15. 15. The key argument Lack of market infrastructure significantly undermines the market margins farmers generate and elevates the prices they pay for agricultural products when involved as buyers. Livestock market facilities (sheds for now)
  16. 16. • Very few or no farmers used to bring their sheep and goats to these markets in the rainy season simply because of limited access [due to seasonal rivers] and no sheds in the markets to protect themselves and their animals from the rain. • After the construction of the sheds, it was observed that farmers – in areas where rivers were not cutting the roads to markets -were able to bring in some animals to the markets in the rainy season. • Traders are also staying longer in the markets possibly due to the sheds as the animals are no more exposed to heat and rain while in the markets. Benefits of market facilities observed so far
  17. 17. • Market sheds/facilities increase market participation and satisfaction (in terms of price per head of animal) of farmers. • Market sheds/facilities are built on plots of land owned by the government and this leads to limited or no sense of ownership. • Farmers could be subjected to taxing due to the sheds. • The establishment costs are very high [financial + non- financial terms]. • Scaling market facilities is possible and needs to be done but requires a long-term strategy at macro level on how to develop livestock/small ruminant markets – taking the social and economic functions of markets [including the market plots] in rural Ethiopia into consideration. Recommendations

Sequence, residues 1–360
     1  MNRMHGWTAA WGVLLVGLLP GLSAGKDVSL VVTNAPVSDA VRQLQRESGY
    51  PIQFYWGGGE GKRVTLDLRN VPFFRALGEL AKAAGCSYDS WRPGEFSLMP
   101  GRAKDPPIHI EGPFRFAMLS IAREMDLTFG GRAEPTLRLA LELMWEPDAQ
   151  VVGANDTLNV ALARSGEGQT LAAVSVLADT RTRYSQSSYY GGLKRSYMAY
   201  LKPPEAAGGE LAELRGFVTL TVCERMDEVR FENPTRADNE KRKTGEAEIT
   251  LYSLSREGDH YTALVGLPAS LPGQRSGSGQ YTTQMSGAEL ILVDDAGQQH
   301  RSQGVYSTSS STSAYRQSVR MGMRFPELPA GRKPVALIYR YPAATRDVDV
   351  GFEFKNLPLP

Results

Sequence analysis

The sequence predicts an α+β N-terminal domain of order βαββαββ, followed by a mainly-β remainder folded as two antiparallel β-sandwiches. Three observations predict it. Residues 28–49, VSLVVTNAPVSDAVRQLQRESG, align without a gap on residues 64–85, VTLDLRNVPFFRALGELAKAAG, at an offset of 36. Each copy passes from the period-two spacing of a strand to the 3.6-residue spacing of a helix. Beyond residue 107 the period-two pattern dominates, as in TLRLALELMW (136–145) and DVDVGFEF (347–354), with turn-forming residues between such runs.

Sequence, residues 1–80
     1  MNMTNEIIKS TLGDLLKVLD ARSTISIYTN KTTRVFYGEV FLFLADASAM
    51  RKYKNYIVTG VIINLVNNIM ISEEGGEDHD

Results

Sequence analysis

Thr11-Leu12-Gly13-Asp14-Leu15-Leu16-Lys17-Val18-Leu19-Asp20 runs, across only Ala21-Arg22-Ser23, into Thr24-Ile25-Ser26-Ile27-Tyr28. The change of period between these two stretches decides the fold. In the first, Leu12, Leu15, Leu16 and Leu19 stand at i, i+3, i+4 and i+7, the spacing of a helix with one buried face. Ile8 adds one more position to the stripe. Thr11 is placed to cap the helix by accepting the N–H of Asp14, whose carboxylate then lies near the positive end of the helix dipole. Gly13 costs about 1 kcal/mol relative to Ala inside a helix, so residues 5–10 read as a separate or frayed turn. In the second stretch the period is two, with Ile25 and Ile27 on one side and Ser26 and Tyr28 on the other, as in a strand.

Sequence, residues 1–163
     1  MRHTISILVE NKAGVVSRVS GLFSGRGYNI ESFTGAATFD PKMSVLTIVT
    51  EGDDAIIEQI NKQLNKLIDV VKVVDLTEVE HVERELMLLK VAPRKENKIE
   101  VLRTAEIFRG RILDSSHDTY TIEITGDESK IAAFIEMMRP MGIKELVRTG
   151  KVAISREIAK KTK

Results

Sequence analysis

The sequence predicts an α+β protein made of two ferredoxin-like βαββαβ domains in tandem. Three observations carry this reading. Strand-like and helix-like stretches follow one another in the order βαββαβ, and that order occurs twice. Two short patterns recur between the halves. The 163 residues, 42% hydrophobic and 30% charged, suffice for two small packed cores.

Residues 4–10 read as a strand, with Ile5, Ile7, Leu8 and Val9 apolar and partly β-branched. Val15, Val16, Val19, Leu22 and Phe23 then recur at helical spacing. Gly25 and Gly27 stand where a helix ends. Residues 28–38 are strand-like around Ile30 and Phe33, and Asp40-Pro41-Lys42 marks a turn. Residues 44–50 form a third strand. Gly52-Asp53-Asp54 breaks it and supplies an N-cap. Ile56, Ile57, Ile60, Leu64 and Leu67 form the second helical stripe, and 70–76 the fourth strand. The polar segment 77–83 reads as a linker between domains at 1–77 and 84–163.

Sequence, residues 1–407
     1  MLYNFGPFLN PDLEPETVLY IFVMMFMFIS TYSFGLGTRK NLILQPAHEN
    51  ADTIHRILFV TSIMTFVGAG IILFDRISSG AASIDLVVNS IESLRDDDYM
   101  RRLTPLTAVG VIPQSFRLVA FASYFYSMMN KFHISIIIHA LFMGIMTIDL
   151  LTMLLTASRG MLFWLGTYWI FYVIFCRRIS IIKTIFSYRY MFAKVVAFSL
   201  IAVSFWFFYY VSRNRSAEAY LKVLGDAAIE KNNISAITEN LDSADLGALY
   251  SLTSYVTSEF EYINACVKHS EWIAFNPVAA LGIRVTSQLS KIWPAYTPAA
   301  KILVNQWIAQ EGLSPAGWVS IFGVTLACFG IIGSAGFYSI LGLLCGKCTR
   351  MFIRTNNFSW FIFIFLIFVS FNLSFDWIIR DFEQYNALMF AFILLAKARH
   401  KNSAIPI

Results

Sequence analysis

18. 18. Using a thermometer in processing • Prevents contamination by replacing temperature control with fingers • Better control of processing steps Pasteurization •Simple process in which milk is heated to 73°C for 15 seconds where pathogenic bacteria are killed Dairy cultures •Using dairy culture is a simple way to produce a stable product with desired characteristics: o provides the required viscosity and proper texture o develops the desired flavor o helps to prevent pathogenic bacteria Low cost dairy processing technologies